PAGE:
Since the discovery of interferon by British and Swiss scientists in 1957, the mystery of interferon has been gradually unveiled. In 1966, scientists discovered the antiviral mechanism, immunomodulatory and antitumor effects of interferon; in 1977, interferon was used for the first time in the treatment of chronic hepatitis B with 2 out of 4 patients treated showing the disappearance of HBeAg. In 1986, the U.S. FDA officially approved interferon alpha for the treatment of malignancies and viral disorders, such as chronic hepatitis B and hairy cell leukemia, and later approved for chronic myelogenous leukemia (CML), follicular non-Hodgkin lymphoma (NHL), melanoma, and AIDS-related Kaposi's sarcoma.
What Are Interferons?
Interferons (IFNs) are a group of signaling proteins secreted by host cells in response to the virus infection. The IFNs can be subdivided into three types (types I, II, and III) based on their different receptors.
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Type I IFNs: IFN-α, IFN-β, and more. They are mainly produced by fibroblasts and monocytes and have strong antiviral properties.
Type II IFN: IFN-γ, which is produced by T cells, and its immunomodulatory effect is stronger than its antiviral activity.
Type III IFNs: IFN-λ1, IFN-λ2, and IFN-λ3. Like type I IFNs, they also have antiviral and immunomodulatory functions, but their effects are different for the different receptors they used.
Clinical Uses of Interferons
Interferon is a broad-spectrum antiviral agent that inhibits both RNA and DNA viruses. It does not directly kill or inhibit viruses, but rather blocks their multiplication by acting on cell surface receptors and causing the cells to produce antiviral proteins. Also, interferon can directly activate immune cells or indirectly inhibit the replication of viruses, and then inhibit the growth and multiplication of viruses during early viral infections in the body.
Interferon can inhibit cell division, especially for rapidly dividing cells. Its anti-tumor mechanism includes inhibiting tumor cell proliferation, promoting tumor cell apoptosis, and inhibiting tumor angiogenesis.
Treatment of multiple sclerosis (MS)
Multiple sclerosis is the most common immune-mediated disease affecting the central nervous system. IFN β-1b was approved by the US Food and Drug Administration in 1993 as the first disease mitigation therapy (DMT) for the treatment of multiple sclerosis (MS).
Interferon has effects on both cellular and humoral immunity. It enhances the activity of natural killer cells, thus acting as a regulator of immunity, and also enhances the cytotoxic activity of macrophages and regulates the self-stabilizing function of immunity, etc.
Interferons also have antibacterial, antiparasitic, and antifibrotic effects. The table below shows the approved therapeutic interferons in USA and EU.
Note, Besremi (ropeginterferon alfa-2b-njft), developed by Pharma Essentia and approved by FDA on 12 Nov, 2021, is not listed in the table.
Therapeutic interferons approved in the United States of America (USA) and European Union (EU). Source: Reference 
Long-Acting PEGylated Interferons (IFNs)
Because of the short half-life of IFNs, their clinical application are limited, and only high and frequent doses can achieve the therapeutic effects required. The use of these drugs has also led to frequent adverse reactions. Therefore, the modification of recombinant human IFNs (rhIFNs) to optimize their pharmacokinetic properties has become a key way to maximize their efficacy while reducing their adverse effects. At present, the covalent binding of polyethylene glycol (PEG) to the protein is the most commonly used method to prolong the half-life of IFN in serum.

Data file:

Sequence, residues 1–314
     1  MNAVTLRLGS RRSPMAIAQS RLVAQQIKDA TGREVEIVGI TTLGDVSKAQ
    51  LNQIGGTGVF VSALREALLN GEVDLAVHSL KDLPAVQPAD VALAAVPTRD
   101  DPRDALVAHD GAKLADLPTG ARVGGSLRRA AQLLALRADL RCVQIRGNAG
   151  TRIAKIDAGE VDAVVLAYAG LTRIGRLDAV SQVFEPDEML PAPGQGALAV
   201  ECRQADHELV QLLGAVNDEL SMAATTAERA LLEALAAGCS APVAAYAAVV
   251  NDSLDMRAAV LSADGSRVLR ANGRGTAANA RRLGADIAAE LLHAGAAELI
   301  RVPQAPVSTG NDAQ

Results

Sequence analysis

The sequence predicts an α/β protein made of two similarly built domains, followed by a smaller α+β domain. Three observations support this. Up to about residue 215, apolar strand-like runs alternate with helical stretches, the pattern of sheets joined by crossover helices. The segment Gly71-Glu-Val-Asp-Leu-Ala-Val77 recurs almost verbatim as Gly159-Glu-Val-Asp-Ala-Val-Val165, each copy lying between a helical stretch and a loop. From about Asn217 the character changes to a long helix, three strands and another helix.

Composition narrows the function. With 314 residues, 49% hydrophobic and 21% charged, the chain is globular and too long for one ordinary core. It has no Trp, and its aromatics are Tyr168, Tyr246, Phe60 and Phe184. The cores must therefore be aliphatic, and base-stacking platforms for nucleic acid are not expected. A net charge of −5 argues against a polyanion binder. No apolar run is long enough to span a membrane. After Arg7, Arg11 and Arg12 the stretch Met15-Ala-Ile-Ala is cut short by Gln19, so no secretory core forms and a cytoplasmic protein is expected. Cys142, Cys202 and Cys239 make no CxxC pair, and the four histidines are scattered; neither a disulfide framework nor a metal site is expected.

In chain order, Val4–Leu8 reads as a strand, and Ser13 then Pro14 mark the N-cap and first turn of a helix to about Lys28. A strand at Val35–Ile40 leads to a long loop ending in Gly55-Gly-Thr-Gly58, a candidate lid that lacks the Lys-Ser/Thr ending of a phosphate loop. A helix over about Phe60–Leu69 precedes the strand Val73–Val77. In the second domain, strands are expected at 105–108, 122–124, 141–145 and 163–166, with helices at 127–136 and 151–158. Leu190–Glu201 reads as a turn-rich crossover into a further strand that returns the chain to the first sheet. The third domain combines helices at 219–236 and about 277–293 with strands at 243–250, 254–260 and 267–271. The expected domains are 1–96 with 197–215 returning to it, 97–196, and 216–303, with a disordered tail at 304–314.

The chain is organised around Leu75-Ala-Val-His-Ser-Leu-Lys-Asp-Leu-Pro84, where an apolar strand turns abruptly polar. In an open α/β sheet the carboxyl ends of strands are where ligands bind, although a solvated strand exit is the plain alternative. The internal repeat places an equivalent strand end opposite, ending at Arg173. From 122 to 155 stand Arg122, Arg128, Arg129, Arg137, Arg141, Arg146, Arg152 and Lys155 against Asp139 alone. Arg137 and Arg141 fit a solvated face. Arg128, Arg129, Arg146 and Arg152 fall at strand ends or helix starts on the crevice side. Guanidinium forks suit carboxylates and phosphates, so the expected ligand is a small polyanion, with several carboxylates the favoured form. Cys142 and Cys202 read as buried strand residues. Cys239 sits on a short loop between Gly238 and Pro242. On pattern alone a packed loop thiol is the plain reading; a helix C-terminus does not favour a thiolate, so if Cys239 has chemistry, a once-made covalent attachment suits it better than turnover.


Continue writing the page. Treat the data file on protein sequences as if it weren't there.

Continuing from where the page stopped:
The PEGylation of IFN inhibits the decomposition of proteolytic breakdown and renal clearance, thereby prolonging its half-life, reducing the frequency of administration, and possibly having better tolerance and compliance.
PEGylated formulations improved the pharmacological properties of unmodified IFN, such as:
(i) improved IFN solubility and stability by reducing proteolytic degradation;
(ii) reduced renal clearance (e.g., by increasing its size above the renal cutoff of 40-50 kDa);
(iii) reduced plasma clearance (e.g. by reducing metabolic degradation and receptor-mediated uptake of the protein from the systemic circulation);
(iv) improving the safety profile of the protein by shielding it from antigenic and immunogenic epitopes;
(v) extending the circulation time from 5 to 90 hours, which is achieved by increasing its molecular size to the size required for half-life extension.
A key advantage of using PEGylated interferon is that patients require fewer doses to maintain the necessary therapeutic levels in circulation (fewer doses administered), which is achieved by improving their pharmacokinetic profile and leads to a reduced frequency of side effects.
Several long-acting PEGylated interferons such as PegIntron® (Schering-Plough Corporation and Sylatron, Merck), ViraferonPeg® (Merck Sharp & Dohme Corp), Pegasys®, (Genentech-Roche), and Plegridy® (Biogen Idec), Sylatron ® (Merck & Co.), Besremi (Pharma Essentia), envisaging to enhance their stability and blood circulation half-life.(Find more form the article FDA Approved PEGylated drugs.)
Biochempeg provides PEG derivatives for PEGylated interferon and a variety of supporting technical services. We will support you in all aspects of PEGylation from the laboratory R&D level to the scale-up level.
 Castro, L.S.; Lobo, G.S.; Pereira, P.; Freire, M.G.; Neves, M.C.; Pedro, A.Q. Interferon-Based Biopharmaceuticals: Overview on the Production, Purification, and Formulation. Vaccines 2021, 9, 328. https://doi.org/10.3390/ vaccines9040328
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